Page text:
Proposed bill would have called for letting Pete Rose back into baseball
By MALIA RULON
Gannett News Service
WASHINGTON - What would have happened if Congress had called on Major League Baseball to allow Pete Rose back into the game?
As far flung as that scenario sounds, it was actually something that an Ohio congressman and Rose's former attorney worked on for weeks, according to interviews with those involved.
This proposed bill, which was never introduced because of Rose's reluctance to lobby Congress for the legislation, has never been reported.
Neil Volz, chief of staff to former Rep. Bob Ney, said the idea to lobby MLB for Rose's reinstatement came after baseball's all-time hit leader won a spot on the All-Century Team in 1999.
Rose, banned from the game since 1989 for betting on baseball games while playing for and managing the Cincinnati Reds, was allowed to attend Game Two of the 1999 World Series, during which the All-Century Team was introduced.
Volz, a longtime Reds fan, broached the subject with Ney of a congressional resolution expressing a sense of Congress that Rose be allowed back into baseball.
Ney, a Republican from central Ohio who was later convicted of bribery and is now serving time in jail, had at the time been looking for ways to help bolster statewide name recognition in hopes of a future gubernatorial run, Volz said.
The Rose bill was intended to help Ney appeal to Cincinnati voters.
"The bill language wasn't specific. We were just going to say, 'Everyone deserves a second chance,' and leave it at that," Volz said.
One of Rose's lawyers at the time, S. Gary Spicer, recalled working with Ney and his staff on the proposed legislation.
"It was an idea," he said. "I actually met with him and his staff and they were real enthusiasts."
Spicer said he flew to Washington for the meeting and recalled going back and forth with Volz on the proposed language for the bill.
Roger Makley, a Dayton lawyer who also has represented Rose, couldn't be reached for comment.
Volz, who attended the World Series game in which Rose was introduced as part of the All-Century Team, said the resolution had been drafted and a press release written to tout the legislation when Rose declined to meet or speak with Ney about the resolution.
"We had it all ready to go and he pulled the plug," Volz said. "We were willing to say it was all our idea, which it was, but he didn't want it to appear as if he was going over and asking for this."
Warren Greene, Rose's Florida-based agent, said Rose has always stayed on the sidelines on these kinds of issues. He said after Rose sent MLB a letter in 1997 asking to be reinstated, he tried to stay away from outside efforts lobbying for his cause.
"We just felt, that's a nice gesture, a nice offer, but we're not going to be a part of it," Greene said. "Other Washington political people have approached us over the years, including Ohio senators, and we have had the same response."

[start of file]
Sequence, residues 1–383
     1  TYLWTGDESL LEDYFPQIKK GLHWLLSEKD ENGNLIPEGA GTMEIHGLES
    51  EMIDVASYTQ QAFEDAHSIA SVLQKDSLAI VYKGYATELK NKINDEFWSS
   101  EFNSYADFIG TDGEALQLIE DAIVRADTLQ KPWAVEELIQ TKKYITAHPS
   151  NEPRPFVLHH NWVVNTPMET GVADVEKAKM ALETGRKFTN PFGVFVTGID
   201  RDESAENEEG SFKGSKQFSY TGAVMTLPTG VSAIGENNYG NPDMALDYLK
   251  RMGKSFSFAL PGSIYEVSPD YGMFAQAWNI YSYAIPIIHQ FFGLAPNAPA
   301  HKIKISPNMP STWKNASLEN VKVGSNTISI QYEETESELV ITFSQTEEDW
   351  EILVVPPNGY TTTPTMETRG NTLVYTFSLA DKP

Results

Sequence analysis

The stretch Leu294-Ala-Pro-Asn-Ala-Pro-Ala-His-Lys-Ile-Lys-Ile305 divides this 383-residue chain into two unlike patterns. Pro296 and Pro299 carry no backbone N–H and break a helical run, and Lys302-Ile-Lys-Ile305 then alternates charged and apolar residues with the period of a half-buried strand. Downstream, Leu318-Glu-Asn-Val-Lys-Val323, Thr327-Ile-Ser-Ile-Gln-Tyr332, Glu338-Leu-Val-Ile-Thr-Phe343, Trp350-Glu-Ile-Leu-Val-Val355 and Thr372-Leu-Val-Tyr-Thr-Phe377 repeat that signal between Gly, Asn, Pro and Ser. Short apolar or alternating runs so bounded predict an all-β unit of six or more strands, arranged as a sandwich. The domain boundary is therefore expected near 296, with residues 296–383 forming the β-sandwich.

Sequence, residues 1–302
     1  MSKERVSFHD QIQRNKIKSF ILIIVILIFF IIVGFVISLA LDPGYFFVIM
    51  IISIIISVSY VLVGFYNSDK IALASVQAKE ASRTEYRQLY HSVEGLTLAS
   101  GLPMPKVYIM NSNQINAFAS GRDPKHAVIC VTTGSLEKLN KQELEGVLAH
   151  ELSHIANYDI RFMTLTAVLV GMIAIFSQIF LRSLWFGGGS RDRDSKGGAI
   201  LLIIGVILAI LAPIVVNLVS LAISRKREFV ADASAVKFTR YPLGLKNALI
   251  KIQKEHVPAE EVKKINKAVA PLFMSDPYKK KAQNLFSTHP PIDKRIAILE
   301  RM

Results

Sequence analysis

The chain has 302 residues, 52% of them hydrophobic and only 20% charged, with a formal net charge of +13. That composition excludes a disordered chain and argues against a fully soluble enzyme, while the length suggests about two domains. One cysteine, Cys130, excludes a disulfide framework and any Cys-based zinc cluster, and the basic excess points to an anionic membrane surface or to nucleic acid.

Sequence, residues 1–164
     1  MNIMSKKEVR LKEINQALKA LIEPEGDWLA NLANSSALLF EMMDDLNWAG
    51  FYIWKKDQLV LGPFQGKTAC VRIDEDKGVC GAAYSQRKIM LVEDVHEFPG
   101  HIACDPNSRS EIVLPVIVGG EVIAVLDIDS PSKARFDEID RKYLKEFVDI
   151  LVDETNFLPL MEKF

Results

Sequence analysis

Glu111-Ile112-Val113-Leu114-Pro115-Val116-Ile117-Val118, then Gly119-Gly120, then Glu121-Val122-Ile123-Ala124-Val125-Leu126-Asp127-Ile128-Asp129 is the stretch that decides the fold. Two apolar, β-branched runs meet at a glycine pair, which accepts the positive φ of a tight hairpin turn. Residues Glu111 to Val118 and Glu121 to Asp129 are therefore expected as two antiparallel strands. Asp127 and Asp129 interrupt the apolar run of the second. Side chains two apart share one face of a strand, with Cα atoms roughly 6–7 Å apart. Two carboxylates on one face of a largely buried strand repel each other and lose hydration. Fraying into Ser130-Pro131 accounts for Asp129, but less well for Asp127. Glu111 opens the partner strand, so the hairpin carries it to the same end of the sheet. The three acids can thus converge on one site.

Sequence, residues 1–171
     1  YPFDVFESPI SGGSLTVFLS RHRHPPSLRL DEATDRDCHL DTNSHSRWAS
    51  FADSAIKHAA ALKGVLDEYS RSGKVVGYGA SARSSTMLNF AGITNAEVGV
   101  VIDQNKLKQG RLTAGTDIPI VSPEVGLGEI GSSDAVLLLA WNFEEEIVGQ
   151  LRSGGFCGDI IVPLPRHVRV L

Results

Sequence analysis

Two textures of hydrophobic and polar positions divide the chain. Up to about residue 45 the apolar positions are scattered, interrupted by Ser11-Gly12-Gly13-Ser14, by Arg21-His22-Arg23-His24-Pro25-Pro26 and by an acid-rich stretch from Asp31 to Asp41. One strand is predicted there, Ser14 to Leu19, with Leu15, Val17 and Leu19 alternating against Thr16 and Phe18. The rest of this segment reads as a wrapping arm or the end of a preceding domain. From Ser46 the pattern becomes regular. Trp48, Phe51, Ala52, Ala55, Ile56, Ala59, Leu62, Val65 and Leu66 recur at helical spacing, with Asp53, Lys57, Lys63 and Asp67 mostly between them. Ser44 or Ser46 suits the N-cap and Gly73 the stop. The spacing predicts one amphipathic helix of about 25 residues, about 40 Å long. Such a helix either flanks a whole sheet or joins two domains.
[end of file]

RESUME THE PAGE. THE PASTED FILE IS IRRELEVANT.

Greene didn't say who else approached Rose about legislation. He also declined to make Rose available for an interview.
Volz, who also has been convicted in the Ney bribery scandal and is serving probation, said the recently released George Mitchell report prompted him to talk publicly for the first time about the proposed Rose resolution.
The Mitchell report accuses dozens of professional baseball players by name of using performance enhancing drugs.
"Here's my childhood hero sitting there - banned from baseball as this steroid scandal explodes - asking for a second chance," Volz said.
In a recent interview with Dennis Miller on his "Sports Unfiltered" show, Rose mentioned the steroid scandal in comparison to his suspension.
"If you're gonna put these guys that supposedly did steroids into the Hall of Fame, I mean I gotta get a shot somewhere," he said. "I've been suspended 18 years for betting on my own team to win. ... I was wrong ... but these guys today, if the allegations are true, they're making a mockery of the game."
Rep. Steve Chabot, a Republican who is as big a fan of the Reds and Pete Rose as there is in Congress, agrees.
"He's clearly been punished. To keep him out of the game here on out is going overboard," Chabot said, adding that keeping Rose out of the Hall of Fame "is just wrong."
Still, Chabot says as much as he personally would like to see Rose allowed back into the game - and someday inducted into the Hall of Fame - he doesn't feel the issue should be solved legislatively.
"I'd prefer to see baseball do this on their own," Chabot said.
A representative for MLB did not immediately return a phone call seeking comment.